You pose several interesting questions regarding the centralization of the governance and development of Bitcoin and Ethereum.
You accurately mentioned that decision making is done by miners and developers. There are some centralized repositories where the development of Bitcoin and Ethereum takes place. However, nothing prevents a developer from independently forking the code and adding their own changes which are not approved by the maintainers of the main git repository.
Who has the final say on the approval of a change to code? A change in the code is approved by the maintainers of the respective repository. These changes are reviewed, approved and merged by developers, not miners. However, even if a change is merged in the main repository, this does not mean that a miner will necessarily adopt it. If the repository maintainers approve a code modification that is undesirable, then some independent party observing the code changes (there are many who are looking at the pull requests and merges into the Bitcoin and Ethereum repositories) who does not have the ability to approve, disapprove, or merge code, will point out the problem in public forums. If an important problem is pointed out, it is possible that miners will not update their software. If miners choose not to update their software, the update will not take place, regardless of whether it is merged into the main repository.
Is there a consortium or a foundation that has the final say? While there are various foundations associated with Bitcoin and Ethereum, it is not possible that an individual or a group of individuals, solely based on their identity, will have the final say on any decision regarding code or process of a blockchain. The reason is that this would make the blockchain a centralized system. Instead, changes proposed must be accepted by miners. If a miner approves of a change, they will download the new code and run it; if not, they will remain in the older version.
A miner can always choose to run an alternative version of the software not approved by the main repository maintainers or foundations. That way, if the maintainers of the main repository are asked to put in a backdoor and someone detects this, it will not be possible to infiltrate the bitcoin network, as the miners will refuse to upgrade. A similar situation holds for changes that are economically undesirable to miners.
If a portion of the miners agree with a software upgrade, but another portion of the miners does not, then a fork will be caused. If the upgrade is soft-fork-compatible and the miners who do not upgrade are a minority, then they will be "carried over" to the blockchain produced by the majority who have upgraded, causing a "soft fork". This will force them to upgrade their node or risk losing their profits. If the upgrade is a hard fork, then the chain will be split into two, regardless of whether the majority upgrades. The minority will maintain their own chain. This is what happened between Bitcoin and Bitcoin Cash, where the change of block size increase was not approved by the majority, but constituted a hard fork change. The decision of which code version survives is hence up to the adoption policy of miners.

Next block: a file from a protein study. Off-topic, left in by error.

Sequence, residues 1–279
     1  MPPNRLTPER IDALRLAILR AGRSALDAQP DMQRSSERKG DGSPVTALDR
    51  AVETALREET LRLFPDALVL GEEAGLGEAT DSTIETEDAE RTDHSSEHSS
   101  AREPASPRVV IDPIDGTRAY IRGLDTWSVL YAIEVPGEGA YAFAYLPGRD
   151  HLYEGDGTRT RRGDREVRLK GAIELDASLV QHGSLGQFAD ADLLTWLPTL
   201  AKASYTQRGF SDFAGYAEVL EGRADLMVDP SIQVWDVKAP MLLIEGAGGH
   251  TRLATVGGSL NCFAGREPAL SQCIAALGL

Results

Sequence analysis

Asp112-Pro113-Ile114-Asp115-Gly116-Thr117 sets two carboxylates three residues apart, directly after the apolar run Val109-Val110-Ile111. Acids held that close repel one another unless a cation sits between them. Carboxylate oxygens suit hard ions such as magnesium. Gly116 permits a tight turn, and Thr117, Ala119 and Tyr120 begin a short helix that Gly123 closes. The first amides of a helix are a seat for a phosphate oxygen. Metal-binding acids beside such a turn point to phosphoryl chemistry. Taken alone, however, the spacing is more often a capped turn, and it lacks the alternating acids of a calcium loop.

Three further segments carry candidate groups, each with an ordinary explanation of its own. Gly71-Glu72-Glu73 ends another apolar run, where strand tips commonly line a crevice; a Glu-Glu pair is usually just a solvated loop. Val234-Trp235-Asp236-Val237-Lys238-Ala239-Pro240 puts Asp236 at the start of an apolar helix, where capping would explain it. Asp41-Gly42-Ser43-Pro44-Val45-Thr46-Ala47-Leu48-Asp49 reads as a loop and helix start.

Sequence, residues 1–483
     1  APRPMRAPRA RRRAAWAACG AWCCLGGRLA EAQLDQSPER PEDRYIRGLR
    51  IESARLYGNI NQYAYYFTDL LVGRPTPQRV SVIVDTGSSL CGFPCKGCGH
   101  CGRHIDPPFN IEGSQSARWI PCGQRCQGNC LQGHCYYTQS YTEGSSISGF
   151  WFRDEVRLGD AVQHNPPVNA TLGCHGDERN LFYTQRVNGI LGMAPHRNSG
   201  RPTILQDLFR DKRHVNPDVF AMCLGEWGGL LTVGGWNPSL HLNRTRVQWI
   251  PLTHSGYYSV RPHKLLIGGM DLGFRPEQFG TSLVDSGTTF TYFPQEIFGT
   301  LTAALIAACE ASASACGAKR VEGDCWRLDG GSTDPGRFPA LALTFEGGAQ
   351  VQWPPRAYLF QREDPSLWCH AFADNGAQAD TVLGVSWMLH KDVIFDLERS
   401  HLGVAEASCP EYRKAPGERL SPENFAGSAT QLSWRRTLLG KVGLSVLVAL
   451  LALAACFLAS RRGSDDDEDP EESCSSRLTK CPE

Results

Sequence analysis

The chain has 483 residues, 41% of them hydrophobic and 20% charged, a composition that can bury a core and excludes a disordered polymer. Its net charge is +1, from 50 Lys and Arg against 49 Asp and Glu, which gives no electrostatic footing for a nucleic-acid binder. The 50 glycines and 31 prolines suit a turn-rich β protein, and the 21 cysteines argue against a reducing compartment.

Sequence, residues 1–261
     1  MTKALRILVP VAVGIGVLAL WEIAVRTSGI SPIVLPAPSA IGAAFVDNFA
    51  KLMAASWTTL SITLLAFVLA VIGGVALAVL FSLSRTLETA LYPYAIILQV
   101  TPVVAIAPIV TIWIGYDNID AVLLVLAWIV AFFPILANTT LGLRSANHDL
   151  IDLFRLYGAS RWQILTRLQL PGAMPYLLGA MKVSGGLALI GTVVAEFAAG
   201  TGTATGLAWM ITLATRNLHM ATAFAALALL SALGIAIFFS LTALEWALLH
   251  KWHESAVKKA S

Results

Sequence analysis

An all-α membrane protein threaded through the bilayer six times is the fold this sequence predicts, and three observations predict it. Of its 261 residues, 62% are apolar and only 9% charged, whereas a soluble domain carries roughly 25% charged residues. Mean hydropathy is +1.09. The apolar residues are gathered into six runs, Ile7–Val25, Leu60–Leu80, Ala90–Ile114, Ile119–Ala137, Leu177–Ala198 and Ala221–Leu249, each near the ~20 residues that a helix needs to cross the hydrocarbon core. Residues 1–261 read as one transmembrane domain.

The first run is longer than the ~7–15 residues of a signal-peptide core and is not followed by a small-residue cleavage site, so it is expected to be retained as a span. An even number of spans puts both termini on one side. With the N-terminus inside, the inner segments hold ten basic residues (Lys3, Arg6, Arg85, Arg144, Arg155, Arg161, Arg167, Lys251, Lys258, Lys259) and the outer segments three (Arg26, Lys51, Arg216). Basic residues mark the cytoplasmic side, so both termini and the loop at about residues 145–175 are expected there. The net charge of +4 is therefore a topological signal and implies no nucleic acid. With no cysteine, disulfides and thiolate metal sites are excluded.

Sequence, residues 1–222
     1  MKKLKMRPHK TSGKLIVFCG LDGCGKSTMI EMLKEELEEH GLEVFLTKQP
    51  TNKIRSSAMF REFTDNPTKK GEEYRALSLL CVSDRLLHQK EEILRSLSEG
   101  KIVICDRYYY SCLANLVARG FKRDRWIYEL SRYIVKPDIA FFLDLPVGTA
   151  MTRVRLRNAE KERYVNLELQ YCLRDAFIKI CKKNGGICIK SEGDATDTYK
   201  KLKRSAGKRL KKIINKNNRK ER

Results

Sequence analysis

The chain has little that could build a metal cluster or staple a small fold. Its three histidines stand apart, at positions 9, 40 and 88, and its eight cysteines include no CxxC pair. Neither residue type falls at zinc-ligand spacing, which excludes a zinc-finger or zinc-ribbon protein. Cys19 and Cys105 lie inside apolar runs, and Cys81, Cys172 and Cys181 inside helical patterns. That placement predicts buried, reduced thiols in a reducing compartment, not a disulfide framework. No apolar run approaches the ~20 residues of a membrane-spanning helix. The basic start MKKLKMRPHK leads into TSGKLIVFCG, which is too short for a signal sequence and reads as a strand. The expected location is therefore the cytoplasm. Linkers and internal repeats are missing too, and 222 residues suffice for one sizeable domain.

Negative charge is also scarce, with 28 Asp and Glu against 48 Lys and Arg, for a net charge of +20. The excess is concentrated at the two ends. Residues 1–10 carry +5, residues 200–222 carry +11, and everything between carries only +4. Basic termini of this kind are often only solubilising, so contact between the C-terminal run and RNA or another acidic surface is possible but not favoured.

More details about the different forks are described in the paper "A Wild Velvet Fork Appears", which appeared in Financial Crypto '18.
Why does a website show the progress of voting on a particular blockchain fork? This display is purely informational and does not affect the decision. Decisions to upgrade or not are indicated on the blockchain by miners. These decisions are advertised through a "signaling" mechanism by which miners include their vote in their coinbase transaction, the transaction which pays them their profits. Because that transaction is verified by proof-of-work, it is impossible to fake - the miner that created that block really did signal their decision. Miners observe the signaling by other miners to decide whether they will upgrade.
For example, an activation period can be allocated by the developers during which miners can vote, by including their signal in their coinbase transaction, to indicate their preference. During this activation period, the feature is not activated. If a minimum threshold of signaling is indicated during the activation period, such as 90% of blocks, miners agree that they will adopt the new feature. This helps avoid soft forks where the majority has not upgraded. As long as most miners signal truthfully, this mechanism works. Signaling does not require developer or foundation approval and the adoption of a feature is not based on observing the statistics off of a website.
Despite the above, in practice, a lot of development relies on a few individuals who are major contributors. The fact that few people are involved in the actual development is studied in the paper "Egalitarian Society or Benevolent Dictatorship:
The State of Cryptocurrency Governance" by Azouvi, Maller and Meiklejohn which appeared in Financial Crypto '18.
To conclude, there are no individuals or foundations which have the final say on which feature will be included. Governance is performed in a decentralized manner in which software adoption by miners indicates which protocol will be followed.